Accessibility

A woman is lifting weights at a gym. There is a poster in front of her with an eye on it.

Helping Our Eyes Through Exercise and Physical Activity

I went skiing yesterday. Loved it! I am a pretty mediocre skier but I love being on the mountain on a cold, crisp day with a blue sky and the sun glistening on the white snow.

The importance of protecting your eyes while skiing

Yes, I wore my sunglasses. I know snow reflects a LOT of light. I just looked up “sun glare on snow” and fell down a science rabbit hole. According to Wikipedia, albedo is a measure of the reflection of solar radiation (read “light”) from a surface. The albedo of the sun on the snow is 0,9. For charcoal, it is about 0.4. Slightly over twice as much glare.1

Alrighty then. Learn something new every day. But that is not why I started this page. I started this page to talk about visual impairment and sports.

Accomodationg for skiers with special needs

As long as those bad eyes are in a head attached to a fairly functional body, visually impaired folks can do sports. The place we were skiing, Jack Frost, has a special program for the blind. If you google adaptive ski programs you come up with lists of dozens of ski areas accommodating skiers with special needs. Other places in Pennsylvania include Camelback, Whitetail and Liberty as well as a number more.

I have no idea about cost or quality. I have never used any of the adaptive services. I cannot make any specific recommendations. I just know they are offered. If you are interested, check them out.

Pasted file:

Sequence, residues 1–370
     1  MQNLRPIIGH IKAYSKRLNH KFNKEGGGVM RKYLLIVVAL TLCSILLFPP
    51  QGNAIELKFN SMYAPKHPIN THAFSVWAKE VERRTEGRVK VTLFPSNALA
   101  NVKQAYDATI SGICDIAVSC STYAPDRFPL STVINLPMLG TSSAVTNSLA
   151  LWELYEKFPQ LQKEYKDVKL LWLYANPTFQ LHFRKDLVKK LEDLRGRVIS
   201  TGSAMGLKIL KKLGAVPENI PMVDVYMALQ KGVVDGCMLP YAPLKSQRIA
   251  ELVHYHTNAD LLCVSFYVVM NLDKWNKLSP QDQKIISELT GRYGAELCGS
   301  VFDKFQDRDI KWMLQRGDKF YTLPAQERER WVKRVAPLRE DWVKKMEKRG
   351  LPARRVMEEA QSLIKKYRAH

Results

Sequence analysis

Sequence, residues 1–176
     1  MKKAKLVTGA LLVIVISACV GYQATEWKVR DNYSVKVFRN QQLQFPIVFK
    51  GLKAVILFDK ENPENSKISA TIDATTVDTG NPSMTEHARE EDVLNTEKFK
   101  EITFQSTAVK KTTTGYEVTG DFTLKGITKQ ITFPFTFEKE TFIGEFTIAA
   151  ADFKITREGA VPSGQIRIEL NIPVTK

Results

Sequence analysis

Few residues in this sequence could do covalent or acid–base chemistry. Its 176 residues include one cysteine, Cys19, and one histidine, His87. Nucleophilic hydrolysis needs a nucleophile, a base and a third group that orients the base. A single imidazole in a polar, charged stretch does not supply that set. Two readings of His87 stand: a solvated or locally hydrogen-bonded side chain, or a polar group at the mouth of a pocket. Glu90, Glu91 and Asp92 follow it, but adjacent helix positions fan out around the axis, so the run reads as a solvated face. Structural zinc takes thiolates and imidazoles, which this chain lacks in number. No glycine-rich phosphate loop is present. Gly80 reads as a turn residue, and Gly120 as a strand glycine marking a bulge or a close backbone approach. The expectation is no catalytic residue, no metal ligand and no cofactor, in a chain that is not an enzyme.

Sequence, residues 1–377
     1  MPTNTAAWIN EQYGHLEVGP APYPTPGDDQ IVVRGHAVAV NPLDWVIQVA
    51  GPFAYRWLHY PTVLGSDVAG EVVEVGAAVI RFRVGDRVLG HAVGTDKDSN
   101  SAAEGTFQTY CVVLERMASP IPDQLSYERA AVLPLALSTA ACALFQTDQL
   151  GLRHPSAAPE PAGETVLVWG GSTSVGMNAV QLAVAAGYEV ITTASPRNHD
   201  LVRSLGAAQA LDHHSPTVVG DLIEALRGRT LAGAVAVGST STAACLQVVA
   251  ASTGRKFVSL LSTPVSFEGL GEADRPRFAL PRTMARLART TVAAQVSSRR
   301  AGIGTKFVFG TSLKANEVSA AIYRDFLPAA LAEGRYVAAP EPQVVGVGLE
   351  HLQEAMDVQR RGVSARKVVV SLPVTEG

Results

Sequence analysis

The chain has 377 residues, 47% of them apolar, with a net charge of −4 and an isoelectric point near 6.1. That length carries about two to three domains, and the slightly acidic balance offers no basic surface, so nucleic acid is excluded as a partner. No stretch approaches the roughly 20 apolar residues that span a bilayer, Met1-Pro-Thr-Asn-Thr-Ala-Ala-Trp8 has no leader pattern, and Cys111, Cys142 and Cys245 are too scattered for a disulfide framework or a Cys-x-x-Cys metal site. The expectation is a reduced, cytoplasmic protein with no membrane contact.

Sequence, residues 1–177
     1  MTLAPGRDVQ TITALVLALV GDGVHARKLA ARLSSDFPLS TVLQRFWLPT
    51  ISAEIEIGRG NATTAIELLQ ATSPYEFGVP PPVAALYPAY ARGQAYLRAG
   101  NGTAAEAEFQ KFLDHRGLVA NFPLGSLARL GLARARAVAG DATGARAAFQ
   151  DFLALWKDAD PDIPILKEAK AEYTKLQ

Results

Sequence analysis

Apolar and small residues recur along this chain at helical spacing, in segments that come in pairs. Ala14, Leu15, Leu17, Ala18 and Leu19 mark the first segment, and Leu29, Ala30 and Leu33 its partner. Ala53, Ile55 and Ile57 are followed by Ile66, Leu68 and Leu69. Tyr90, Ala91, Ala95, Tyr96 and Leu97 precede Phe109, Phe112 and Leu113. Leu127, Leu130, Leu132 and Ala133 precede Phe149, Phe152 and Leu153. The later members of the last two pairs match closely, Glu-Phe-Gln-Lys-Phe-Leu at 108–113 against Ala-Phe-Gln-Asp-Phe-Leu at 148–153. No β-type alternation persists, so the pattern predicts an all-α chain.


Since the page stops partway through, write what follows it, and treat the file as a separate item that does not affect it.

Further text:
Other sports for the visually impaired

Besides skiing, the visually impaired can engage in many other sports. I have done Zumba and yoga for years. If we ever get snow, I plan on cross-country skiing. Swimming, riding my bike and kayaking are all on the agenda for my summer.

But don’t take my word for it. The sightandsound.com site has an article listing ten sports for the visually impaired.2 To my list, they add things like table tennis and golf. They also suggest mountaineering and rowing!

Do you like to bowl? There is a blind bowler organization you can join. You might even get good enough to bowl in tournaments!

Phyiscal activity is good for us in so many ways

Physical activity such as that that we get with sports is good for us. If you need to improve your appetite or your sleep, exercise through sports will do it for you. Want to expand your social circle? Engaging in sports will do that for you, too.

Mental health benefits

There are also great benefits to your mental health. According to the Faculty of Sports and Exercise Medicine in the United Kingdom, the role of physical activity and sports in mental health is great. They suggest depression and anxiety can be reduced by 20 to 30% simply through regular exercise alone.3

Sports can feel empowering

Also, exercise and success at sports can be empowering. Vision loss is experienced by many as coming with a diminution of power. Sports can help you get some of that back.

Getting involved in sports does not have to mean becoming an athletic “animal.” Tandem biking and chair yoga are just as legitimate for some as powerlifting is for others.

...and, by the way, if you want to lift - power or otherwise - weight lifting is a legitimate sport and is open to the visually impaired.

Remember, sports are not just for kids. They are definitely not just for the fully sighted. Now, go play!

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